Federal and state laws mandate that all surface waters be protected for a full range of designated uses. These uses are:
- Industrial water supply
- Public water supply at the point of intake
- Warm water fishery (or cold water fishery, where applicable)
- Other indigenous aquatic life and wildlife
- Partial body contact recreation
- Total body contact recreations between May 1 and October 31
When a lake or stream does not meet its designated uses, it is considered "impaired" and a Total Maximum Daily Load (TMDL) must be developed. A TMDL quantifies how much of a pollutant a water body can assimilate, or accept, without violating water quality standards. In addition, a TMDL establishes pollutant reduction targets necessary to restore and maintain the designated uses.
Huron River TMDLs
Many surface waters in the Middle Huron Watershed do not meet these designated uses. TMDLs for the Ann Arbor area include:
Photo by John Lehman
Phosphorus TMDL for Ford and Belleville Lakes (pdf)
Ford and Belleville Lakes (Phosphorus)
Phosphorus is an essential nutrient for plant, algal, and animal growth that occurs naturally in the environment. However, in excess amounts, phosphorus stimulates high plant and algae growth, significantly reducing the aesthetic, recreational, and ecological quality of surface waters.
The City of Ann Arbor and other permit partners are working collaboratively to address the phosphorus TMDL. Excess phosphorus in Ford and Belleville Lakes, much of which comes from the upstream watershed, contributes to severe algal blooms during summer months.
E.coli TMDL for Huron River downstream of Argo Pond to Geddes Pond (pdf)
Argo Pond to Geddes Pond (E. coli )
Escherichia coli (E. coli) is a group of fecal coliform bacteria found in the lower intestine of warm-blooded organisms such as humans, wildlife, and domestic animals. The presence of E.coli in a lake or river indicates the water has been contaminated by fecal material from animals or humans.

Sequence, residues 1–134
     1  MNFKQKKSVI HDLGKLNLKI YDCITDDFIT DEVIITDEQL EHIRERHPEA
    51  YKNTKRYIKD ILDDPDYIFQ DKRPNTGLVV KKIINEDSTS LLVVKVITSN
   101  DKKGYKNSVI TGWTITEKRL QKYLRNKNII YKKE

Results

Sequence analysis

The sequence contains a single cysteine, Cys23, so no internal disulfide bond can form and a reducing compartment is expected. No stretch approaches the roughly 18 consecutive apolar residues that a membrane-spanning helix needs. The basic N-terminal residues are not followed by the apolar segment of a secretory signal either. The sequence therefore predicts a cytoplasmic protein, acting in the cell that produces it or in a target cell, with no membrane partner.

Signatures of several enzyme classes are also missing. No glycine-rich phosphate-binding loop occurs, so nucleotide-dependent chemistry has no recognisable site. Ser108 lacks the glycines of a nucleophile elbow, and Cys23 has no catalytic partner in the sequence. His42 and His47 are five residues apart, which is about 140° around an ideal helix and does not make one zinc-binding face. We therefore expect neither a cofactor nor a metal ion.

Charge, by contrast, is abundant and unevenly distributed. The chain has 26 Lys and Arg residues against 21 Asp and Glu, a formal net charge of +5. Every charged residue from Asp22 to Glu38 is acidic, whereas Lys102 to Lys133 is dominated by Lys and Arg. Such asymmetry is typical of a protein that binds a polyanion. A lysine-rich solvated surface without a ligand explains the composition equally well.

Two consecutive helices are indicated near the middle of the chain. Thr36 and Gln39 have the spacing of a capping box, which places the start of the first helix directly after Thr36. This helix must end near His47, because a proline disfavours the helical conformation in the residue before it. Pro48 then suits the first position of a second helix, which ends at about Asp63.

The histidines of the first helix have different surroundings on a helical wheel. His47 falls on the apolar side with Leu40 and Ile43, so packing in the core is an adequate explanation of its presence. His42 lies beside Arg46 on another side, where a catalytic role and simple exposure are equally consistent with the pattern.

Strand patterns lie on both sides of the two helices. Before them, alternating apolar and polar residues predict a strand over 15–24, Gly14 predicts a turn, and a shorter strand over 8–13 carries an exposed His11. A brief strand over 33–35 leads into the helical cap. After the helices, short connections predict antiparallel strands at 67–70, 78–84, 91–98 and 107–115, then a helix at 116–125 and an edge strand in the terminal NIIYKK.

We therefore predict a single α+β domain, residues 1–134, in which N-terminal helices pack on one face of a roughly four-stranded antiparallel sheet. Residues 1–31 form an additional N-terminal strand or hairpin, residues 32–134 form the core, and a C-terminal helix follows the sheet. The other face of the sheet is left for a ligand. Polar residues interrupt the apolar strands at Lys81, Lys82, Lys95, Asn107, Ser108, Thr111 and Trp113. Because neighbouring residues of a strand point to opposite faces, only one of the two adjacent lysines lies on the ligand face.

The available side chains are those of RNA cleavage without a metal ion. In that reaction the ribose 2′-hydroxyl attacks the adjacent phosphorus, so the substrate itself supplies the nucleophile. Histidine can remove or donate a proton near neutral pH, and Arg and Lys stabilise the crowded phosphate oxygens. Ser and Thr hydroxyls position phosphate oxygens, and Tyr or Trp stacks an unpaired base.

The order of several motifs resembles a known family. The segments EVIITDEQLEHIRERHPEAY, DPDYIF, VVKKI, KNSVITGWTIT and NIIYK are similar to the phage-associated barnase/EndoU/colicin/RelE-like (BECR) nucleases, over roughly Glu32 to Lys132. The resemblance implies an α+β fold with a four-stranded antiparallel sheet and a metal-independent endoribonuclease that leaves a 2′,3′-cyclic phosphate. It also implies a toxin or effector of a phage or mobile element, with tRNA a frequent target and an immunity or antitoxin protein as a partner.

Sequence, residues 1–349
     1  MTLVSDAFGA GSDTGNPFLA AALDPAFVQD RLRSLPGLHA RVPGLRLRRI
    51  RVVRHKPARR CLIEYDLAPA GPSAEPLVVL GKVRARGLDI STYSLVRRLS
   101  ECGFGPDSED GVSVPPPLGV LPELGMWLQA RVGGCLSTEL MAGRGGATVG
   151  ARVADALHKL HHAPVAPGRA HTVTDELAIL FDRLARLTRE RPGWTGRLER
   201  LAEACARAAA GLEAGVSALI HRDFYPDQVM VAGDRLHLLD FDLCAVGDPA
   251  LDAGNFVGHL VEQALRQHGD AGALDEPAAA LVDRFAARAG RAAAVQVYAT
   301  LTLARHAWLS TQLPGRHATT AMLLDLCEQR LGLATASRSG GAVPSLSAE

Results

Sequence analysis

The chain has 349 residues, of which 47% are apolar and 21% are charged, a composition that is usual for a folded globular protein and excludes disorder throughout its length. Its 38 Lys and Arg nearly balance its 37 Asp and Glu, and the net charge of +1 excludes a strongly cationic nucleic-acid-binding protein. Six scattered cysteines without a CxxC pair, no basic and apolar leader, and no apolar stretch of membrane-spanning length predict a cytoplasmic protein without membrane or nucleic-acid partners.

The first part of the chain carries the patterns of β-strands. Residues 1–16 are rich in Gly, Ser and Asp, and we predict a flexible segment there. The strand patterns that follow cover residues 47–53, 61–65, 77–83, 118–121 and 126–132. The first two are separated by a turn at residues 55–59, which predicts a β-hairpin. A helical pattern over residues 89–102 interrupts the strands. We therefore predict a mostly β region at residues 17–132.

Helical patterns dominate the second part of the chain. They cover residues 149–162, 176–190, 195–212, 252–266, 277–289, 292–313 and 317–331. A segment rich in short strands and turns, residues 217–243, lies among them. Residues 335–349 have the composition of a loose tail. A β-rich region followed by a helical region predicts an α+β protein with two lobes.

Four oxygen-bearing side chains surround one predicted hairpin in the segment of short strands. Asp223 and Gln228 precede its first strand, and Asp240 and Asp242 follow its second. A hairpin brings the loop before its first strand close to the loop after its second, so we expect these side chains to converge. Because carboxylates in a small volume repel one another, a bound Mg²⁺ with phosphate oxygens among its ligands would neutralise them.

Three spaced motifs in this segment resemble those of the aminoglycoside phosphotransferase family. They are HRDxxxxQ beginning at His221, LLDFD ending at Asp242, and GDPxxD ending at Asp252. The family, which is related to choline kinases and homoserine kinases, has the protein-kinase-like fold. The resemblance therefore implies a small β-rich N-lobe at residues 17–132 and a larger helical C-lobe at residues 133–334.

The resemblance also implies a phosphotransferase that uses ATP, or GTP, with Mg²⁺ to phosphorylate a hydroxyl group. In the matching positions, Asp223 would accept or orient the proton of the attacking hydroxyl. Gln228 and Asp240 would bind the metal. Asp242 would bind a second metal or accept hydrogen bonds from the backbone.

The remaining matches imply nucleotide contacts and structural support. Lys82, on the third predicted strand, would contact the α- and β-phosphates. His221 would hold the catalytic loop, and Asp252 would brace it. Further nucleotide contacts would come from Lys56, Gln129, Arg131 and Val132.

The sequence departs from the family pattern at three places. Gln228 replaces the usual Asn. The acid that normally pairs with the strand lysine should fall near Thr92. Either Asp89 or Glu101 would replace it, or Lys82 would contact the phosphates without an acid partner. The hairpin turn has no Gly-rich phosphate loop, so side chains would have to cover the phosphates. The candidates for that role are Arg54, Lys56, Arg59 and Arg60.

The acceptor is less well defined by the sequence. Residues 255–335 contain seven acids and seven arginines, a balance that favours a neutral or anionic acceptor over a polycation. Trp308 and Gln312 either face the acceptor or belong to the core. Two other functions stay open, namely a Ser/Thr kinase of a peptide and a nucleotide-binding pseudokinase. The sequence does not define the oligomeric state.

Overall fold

A 2007 study by the Washtenaw County Water Resources Commissioner found that urban wildlife (namely raccoons) and pets (namely cats) are significant sources of E.coli to Geddes Pond. Based on completed sampling, it does not appear that illicit connections to the storm sewer are significant sources of E.coli.
Strategies for reducing E.coli inputs are included in the example strategies include:
Encouraging pet owners to clean up after their animals through public education, signage, and placement of pet waste disposal bags in city parks.
Modifying habitat to discourage urban wildlife. For example, establishing tall grasses, shrubs, and trees makes ponds less attractive to Canada geese.
Photo by HRWC
Biota TMDL for Malletts Creek (pdf)
Malletts Creek Restoration Plan (pdf)
Malletts Creek (Biota)
The biota TMDL for Malletts Creek specifically addresses warm water fish and macroinvertebrates, or aquatic insects. Malletts Creek does not support healthy fish or invertebrate communities due to excessive stormwater runoff, streambank erosion, sedimentation, and unstable flows (i.e., very high and very low flows). High impervious surface in the creekshed contributes to the poor conditions observed in Malletts Creek.
Photo by HRWC
Biota TMDL for Swift Run (pdf)
Swift Run (Biota)
The TMDL for Swift Run addresses macroinvertebrate communities. High imperviousness in Swift Run creekshed contributes to flashy flows, bank erosion, and sedimentation problems in the stream.
How are the TMDLs being addressed?
Middle Huron River Watershed partners submitted a TMDL plan (pdf) as part of the watershed stormwater permit. Monitoring is an important component of the TMDL plan. Partners are monitoring the river and its tributaries to:
Locate phosphorus sources as specifically as possible
Identify hot spots for pollutant loading
Understand nutrient dynamics in the tributaries
Prioritize projects throughout the basin.
This extensive monitoring will enable Middle Huron communities to target implementation activities for maximum benefit. The Huron River Watershed Council carries out much of the monitoring on the Middle Huron. More information, including monitoring reports, can be found on HRWC's Middle Huron Program website.
Updated April 5, 2012